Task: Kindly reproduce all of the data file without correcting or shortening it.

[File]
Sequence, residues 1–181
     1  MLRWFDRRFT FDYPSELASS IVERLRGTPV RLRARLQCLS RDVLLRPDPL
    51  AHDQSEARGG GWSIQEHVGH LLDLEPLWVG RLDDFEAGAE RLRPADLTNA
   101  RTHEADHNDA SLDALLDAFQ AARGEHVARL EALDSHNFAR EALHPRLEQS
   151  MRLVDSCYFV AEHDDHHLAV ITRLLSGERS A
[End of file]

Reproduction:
Sequence, residues 1–181
     1  MLRWFDRRFT FDYPSELASS IVERLRGTPV RLRARLQCLS RDVLLRPDPL
    51  AHDQSEARGG GWSIQEHVGH LLDLEPLWVG RLDDFEAGAE RLRPADLTNA
   101  RTHEADHNDA SLDALLDAFQ AARGEHVARL EALDSHNFAR EALHPRLEQS
   151  MRLVDSCYFV AEHDDHHLAV ITRLLSGERS A